After long deferring the issue, the U.S. Supreme Court has now agreed to accept a case which will determine the definition of housing discrimination. The implications for Marin are huge.

The high court took on appeal Texas Department of Housing and Community Affairs vs. Inclusive Communities Project.

It emanates from a New Orleans-based 5th Circuit Court decision which summarized, "The primary issue on appeal is the correct legal standard to be applied in disparate impact claims under the Fair Housing Act."

Since the Obama administration's advent, the Department of Housing and Urban Development holds that what must be proved to find racial discrimination is that some government action creates a "disparate impact."
Essentially this doctrine says that if any laws, especially zoning ordinances, are instituted and thereafter results in what HUD determines as racial imbalance, the law is deemed inherently discriminatory even if that's not its intention. Actions are then mandated to remedy the alleged discrimination.

This aggressive stance contrasts with the once widely accepted notion that discrimination findings require a "specific intent" to discriminate.
It's what the fractious litigation involving HUD and New York's suburban Westchester County is about. The federal agency claims that prosperous Westchester's utilization of single-family-home zoning is, by definition, racially discriminatory. As fewer so-called "protected class" members live in single-family neighborhoods, zoning should be changed to multi-family.

Texas vs. Inclusive Communities involves a state of Texas appeal of a judgment approving a "disparate impact" claim. There it was claimed that housing grants, including Section 8 funds, were directed exclusively to minority-majority areas and not into middle class majority-white neighborhoods.

With much of Marin zoned for single-family homes and open space, the ramifications to Marin, similar suburban communities and elite urban neighborhoods are obvious. If HUD prevails it can mandate multi-unit housing in historically single-family and rural communities nationwide.
Marin's potential consequences substantially increased after its Board of Supervisors in 2010 unanimously approved a "Voluntary Compliance Agreement" with HUD. That pact is similar to the one enabling the federal no-holds-barred enforcement action against Westchester. It requires placement of multi-unit low-income housing within upper-middle-class communities.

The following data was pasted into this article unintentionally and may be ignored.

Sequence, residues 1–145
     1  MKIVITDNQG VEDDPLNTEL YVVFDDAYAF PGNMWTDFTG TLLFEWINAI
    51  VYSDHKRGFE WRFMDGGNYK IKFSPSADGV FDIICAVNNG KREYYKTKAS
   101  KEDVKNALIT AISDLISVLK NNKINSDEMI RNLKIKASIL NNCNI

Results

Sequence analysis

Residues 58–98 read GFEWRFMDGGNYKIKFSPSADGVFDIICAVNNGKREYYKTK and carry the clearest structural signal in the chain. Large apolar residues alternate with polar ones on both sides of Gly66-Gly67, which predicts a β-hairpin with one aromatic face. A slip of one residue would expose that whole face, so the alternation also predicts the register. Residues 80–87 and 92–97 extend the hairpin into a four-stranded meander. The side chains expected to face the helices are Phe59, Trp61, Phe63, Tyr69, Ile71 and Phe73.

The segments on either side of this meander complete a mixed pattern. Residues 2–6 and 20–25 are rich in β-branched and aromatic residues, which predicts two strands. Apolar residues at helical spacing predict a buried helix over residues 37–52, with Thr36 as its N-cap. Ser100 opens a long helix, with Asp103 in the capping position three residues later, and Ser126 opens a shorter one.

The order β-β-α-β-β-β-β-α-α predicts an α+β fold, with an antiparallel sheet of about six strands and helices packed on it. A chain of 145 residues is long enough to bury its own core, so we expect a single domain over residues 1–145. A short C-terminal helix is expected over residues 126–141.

The Marin-HUD agreement partially explains the county supervisors' consistent advocacy for more Marin multiunit housing designed to facilitate racial and class diversity.

HUD and housing activists maneuvered to settle two similar suits before reaching the justices. Their concern was the top court would decide actual discriminatory intent was required to justify findings of discrimination.

Appellant Texas is betting on a Supreme Court significantly more conservative than circuit courts.
The nine justices will decide if the "disparate impact" doctrine applies to the federal Fair Housing Act. That law makes it illegal to "refuse to sell or rent ... or otherwise make unavailable or deny, a dwelling to any person because of race, color, religion, sex, familial status, or national origin."
The congressionally written ill-defined phrase "otherwise make unavailable" is at the crux of the argument. Congress itself could redefine the phrase but Congress is incapable of any action.

Housing advocates contend that even absent actual discriminatory intent, current zoning laws create patterns of discrimination that facilitate deplorable living conditions plaguing "protected classes."
Texas will assert, as did the Chicago-based 7th Circuit Court when ruling in the "Arlington Heights" case, that "not every action which produces discriminatory effects is illegal."

There's little incentive for hard-nosed Texas to settle. The court will resolve the long-running dispute once and for all, probably on a 4-5 vote.

Which way the wind is blowing is likely known only to Justice Anthony Kennedy, the tribunal's usual swing vote. Expect a ruling by June.

Columnist Dick Spotswood of Mill Valley shares his views on local politics every Sunday and Wednesday in the IJ. Email him at